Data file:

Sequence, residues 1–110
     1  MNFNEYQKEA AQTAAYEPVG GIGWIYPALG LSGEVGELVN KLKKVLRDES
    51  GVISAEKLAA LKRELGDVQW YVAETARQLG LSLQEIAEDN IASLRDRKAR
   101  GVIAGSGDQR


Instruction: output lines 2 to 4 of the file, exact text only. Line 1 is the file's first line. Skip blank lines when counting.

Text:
     1  MNFNEYQKEA AQTAAYEPVG GIGWIYPALG LSGEVGELVN KLKKVLRDES
    51  GVISAEKLAA LKRELGDVQW YVAETARQLG LSLQEIAEDN IASLRDRKAR
   101  GVIAGSGDQR